A middle-aged Singaporean woman begins to rediscover her sense of self after making an unexpected solo trip to Korea in He Shuming’s heartwarming dramedy, Ajoomma (아줌마). “Ajoomma” is the generic term for an older woman in Korean, and even in her native Singapore, the heroine Bee Hwa (Hong Hui Fang) is known largely as “Auntie” no longer possessing much of a name or identity and obsessed with Korean TV dramas in thrall to their larger than life emotions just hoping to feel something again in the midst of her loneliness.
Bee Hwa has a grown-up son, Sam (Shane Pow), but he remains somewhat distant towards her. “He never shares anything with me” she later complains to a mother and daughter duo on the Korean tour together after a few drinks. Sam was supposed to come on the trip with her, but he got an interview for a big job in America and tried to get her to cancel. Bee Hwa would rather Sam didn’t go abroad, but her sense of loneliness is only deepened with the dawning realisation that Sam may be gay and has chosen not to share that part of himself with her. When she realises the tour is not refundable as Sam said it would be, she makes a bold decision to go on her own despite never having travelled alone before. Her confusion at the airport is palpable as she’s suddenly confronted with unexpected bureaucracy, trying to fill in landing cards and find her way to the tour group which turns out to be led by a handsome man with the look of a K-drama star but a defeated and cynical air unsuited to his role as a tour guide.
Just as Bee Hwa longs for a closer relationship with her son, Kwon-woo (Kang Hyung-seok) is desperately trying to win back his wife and daughter who have moved in with his disapproving mother-in-law following his difficulties with employment and subsequent debts to loansharks. Kwon-woo wants to show them that he can be a responsible husband and father by holding on to his tour guide job and making enough to pay off the debts so they can get an apartment of their own, but is also his own worst enemy and prone to making mistakes not least the one leaving Bee Hwa behind after failing to make sure everyone was back on the bus before it left.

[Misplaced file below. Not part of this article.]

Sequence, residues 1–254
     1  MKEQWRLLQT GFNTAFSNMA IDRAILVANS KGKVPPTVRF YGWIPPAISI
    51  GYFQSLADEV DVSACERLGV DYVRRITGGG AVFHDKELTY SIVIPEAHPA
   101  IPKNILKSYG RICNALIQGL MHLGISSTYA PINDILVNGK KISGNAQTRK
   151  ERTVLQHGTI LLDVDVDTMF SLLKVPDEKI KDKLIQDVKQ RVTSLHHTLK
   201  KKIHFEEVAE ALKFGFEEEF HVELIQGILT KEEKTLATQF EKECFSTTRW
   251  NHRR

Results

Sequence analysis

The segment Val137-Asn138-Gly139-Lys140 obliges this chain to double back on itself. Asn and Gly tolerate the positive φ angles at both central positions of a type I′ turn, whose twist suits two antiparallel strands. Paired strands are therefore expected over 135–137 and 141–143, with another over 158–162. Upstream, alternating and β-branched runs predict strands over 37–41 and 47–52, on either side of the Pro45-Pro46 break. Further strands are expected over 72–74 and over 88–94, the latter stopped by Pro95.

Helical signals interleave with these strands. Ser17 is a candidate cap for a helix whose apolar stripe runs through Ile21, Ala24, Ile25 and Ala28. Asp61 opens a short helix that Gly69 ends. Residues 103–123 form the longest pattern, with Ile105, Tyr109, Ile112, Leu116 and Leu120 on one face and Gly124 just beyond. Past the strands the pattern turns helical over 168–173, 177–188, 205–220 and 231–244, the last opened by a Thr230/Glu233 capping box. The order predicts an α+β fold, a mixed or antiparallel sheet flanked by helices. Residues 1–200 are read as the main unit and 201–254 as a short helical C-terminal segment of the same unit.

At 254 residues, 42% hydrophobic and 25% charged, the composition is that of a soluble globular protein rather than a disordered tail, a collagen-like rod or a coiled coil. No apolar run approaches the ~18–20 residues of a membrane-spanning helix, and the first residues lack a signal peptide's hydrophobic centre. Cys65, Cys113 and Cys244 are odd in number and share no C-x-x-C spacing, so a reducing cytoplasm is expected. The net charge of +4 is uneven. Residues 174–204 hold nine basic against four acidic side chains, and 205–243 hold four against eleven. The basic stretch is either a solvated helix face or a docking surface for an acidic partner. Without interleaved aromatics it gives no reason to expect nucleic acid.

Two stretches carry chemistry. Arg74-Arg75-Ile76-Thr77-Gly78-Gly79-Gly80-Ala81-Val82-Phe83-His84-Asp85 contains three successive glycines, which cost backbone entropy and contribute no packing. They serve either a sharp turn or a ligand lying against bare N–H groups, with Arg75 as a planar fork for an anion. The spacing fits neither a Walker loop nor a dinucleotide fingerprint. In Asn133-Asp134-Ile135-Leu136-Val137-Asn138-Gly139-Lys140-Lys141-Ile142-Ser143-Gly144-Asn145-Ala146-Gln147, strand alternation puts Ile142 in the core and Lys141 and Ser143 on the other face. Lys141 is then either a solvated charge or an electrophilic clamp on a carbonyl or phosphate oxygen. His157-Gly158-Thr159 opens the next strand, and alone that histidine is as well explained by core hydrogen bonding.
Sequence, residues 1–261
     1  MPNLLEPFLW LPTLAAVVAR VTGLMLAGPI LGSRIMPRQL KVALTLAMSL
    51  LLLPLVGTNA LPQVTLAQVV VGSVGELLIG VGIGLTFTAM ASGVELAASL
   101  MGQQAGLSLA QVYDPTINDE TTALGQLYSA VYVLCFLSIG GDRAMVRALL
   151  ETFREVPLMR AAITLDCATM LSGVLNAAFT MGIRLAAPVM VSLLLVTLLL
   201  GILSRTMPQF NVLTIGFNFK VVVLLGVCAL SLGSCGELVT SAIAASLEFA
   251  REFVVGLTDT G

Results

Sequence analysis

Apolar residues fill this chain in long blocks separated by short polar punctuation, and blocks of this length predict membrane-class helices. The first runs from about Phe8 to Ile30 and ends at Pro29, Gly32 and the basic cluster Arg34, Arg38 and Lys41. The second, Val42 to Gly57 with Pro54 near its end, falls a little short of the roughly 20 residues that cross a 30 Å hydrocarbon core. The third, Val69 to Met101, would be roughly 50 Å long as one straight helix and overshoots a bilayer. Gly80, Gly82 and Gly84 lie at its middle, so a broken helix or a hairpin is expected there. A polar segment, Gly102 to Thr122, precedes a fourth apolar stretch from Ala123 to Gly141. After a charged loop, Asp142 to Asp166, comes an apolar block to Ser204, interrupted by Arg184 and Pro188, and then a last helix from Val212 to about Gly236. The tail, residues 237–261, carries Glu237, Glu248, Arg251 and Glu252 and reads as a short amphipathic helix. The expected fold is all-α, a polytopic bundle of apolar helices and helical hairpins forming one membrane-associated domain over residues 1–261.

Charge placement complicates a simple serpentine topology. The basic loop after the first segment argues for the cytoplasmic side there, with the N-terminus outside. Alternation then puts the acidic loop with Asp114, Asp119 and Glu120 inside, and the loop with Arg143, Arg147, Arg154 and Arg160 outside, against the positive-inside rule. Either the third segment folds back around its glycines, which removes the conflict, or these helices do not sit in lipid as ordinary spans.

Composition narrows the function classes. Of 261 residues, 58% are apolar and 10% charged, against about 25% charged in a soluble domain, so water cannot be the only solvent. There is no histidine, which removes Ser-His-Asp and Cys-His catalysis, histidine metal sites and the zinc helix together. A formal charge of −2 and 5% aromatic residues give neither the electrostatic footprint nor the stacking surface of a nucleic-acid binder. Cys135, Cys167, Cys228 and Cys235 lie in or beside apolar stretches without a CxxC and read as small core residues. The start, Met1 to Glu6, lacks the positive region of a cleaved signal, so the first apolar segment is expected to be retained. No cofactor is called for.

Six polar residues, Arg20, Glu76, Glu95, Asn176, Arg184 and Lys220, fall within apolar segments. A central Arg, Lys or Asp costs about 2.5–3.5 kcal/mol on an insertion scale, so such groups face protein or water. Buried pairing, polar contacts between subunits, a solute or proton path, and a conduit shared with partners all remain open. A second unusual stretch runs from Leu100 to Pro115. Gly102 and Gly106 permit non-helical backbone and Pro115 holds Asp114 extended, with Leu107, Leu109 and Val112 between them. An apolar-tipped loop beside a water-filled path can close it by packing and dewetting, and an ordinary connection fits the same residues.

It’s only thanks to sympathetic security guard Jung Su (Jung Dong-hwan), himself a lonely widower whose sons live far away, that Bee Hwa doesn’t freeze to death in the middle of Seoul. Just like Bee Hwa, he’s lonely even with his beloved pet dog Dookie and mainly bides his time carving figures of animals out of wood. He helps her because he doesn’t know what else to do and despite the language barrier, Bee Hwa only understands the kind of words that come up a lot in Korean drama and he doesn’t know Mandarin or much English, the pair quickly find a sense of mutual solidarity bonding in their shared sense of loss mixed with mild disappointment in life’s ordinariness. Kwon-woo asks Bee Hwa if she regrets the choices that she made that left her little room for herself, and she says she doesn’t but does perhaps hanker for something more in her life than just being a faceless ajoomma who likes Korean dramas but has lost sight of herself.
The trip to Korea reminds her that she can do things on her own and doesn’t necessarily need Sam there to help her, finally buying something nice just for herself rather than getting it someone else. As she dances in the snow she realises that she can still have new experiences and feel childlike joy, even if she is “an auntie” she has plenty of time in front of her to do whatever she wants with no longer subject to social expectations, patriarchal husbands, or judgemental sons. Billed as the first co-production between Singapore and South Korea, He’s heartwarming drama celebrates not only the simple power of human kindness but the resilience of women like Bee Hwa seizing the freedom of age and resolving to live the rest of her life on her own terms.
Ajoomma screens in Chicago March 25 as part of the 16th season of Asian Pop-Up Cinema.
Original trailer (English subtitles)